Representative Bachmann has benefited from being underestimated, and in particular from being dismissed as a pale imitation of Sarah Palin. The comparison works in Bachmann’s favor. The congresswoman is more knowledgeable about national policy than Palin is, which is not surprising since, unlike Palin, she has federal-government experience. (No top-tier candidate has more.) She does her homework. She doesn’t constantly stoke the fire of her own grievances. When a Pawlenty adviser commented recently about her “sex appeal,” she graciously accepted his apology and joked that she considered it a compliment given her age. She did not complain about sexism. Note the contrast to Palin, who cannot ignore insults, even from the likes of vulgar comic Kathy Griffin. While Palin may have brought more charisma to the national scene, Bachmann’s assets are likely to prove more enduring.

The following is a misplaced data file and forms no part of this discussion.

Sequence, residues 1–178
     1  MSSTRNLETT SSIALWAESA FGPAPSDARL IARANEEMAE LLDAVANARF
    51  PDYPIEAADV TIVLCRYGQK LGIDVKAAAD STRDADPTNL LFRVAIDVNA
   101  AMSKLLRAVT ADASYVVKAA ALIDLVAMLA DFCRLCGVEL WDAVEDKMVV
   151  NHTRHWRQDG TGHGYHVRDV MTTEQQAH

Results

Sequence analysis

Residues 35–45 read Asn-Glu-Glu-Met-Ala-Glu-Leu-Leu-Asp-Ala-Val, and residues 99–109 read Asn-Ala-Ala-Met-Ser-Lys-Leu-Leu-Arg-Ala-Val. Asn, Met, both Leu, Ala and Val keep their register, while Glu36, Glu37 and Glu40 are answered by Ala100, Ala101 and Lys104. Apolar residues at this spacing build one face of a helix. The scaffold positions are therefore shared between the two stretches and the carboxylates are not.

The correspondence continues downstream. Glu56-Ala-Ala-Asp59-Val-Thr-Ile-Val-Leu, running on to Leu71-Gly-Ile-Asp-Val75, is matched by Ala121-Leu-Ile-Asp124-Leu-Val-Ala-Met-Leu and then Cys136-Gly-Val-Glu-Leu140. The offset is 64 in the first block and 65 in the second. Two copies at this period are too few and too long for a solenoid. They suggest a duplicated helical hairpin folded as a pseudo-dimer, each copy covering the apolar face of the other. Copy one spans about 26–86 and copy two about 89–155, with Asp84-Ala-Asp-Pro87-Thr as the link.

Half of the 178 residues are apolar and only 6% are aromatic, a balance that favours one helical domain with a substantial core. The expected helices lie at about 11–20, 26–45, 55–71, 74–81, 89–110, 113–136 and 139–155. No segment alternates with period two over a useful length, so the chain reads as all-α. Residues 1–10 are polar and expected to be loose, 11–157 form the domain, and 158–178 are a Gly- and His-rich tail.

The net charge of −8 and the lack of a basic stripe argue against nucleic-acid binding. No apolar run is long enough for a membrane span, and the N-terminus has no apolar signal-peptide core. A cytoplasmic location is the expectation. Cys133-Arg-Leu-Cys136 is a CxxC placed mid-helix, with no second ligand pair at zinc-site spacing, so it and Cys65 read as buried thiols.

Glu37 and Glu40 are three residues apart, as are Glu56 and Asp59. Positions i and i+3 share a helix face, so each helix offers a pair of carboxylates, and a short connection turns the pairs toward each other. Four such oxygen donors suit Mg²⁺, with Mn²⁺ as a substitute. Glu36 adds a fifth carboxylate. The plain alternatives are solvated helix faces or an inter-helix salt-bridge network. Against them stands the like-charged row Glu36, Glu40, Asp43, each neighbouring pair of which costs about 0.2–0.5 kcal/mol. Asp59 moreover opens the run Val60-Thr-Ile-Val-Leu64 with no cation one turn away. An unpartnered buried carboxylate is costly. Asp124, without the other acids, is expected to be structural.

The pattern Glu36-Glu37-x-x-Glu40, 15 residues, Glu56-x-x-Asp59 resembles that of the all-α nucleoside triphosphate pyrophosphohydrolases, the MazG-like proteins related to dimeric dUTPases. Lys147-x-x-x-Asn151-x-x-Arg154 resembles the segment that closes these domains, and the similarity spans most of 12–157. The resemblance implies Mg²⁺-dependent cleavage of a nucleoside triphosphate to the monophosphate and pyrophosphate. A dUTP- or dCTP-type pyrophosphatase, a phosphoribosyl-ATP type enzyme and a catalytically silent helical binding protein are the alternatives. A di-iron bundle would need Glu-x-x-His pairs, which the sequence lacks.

Can she win the nomination? History is not on her side. Nobody even slightly to the right of the party establishment has won it since 1984. The party has enough conservative voters to make the victory of such a candidate possible, but it is hard to unify them around a single candidate in opposition to an establishment favorite. And Bachmann is well to the right of previous candidates who have tried, such as Jack Kemp, Phil Gramm, and the 2008 Romney. The party has moved right in recent years, but probably not enough for Bachmann to make it.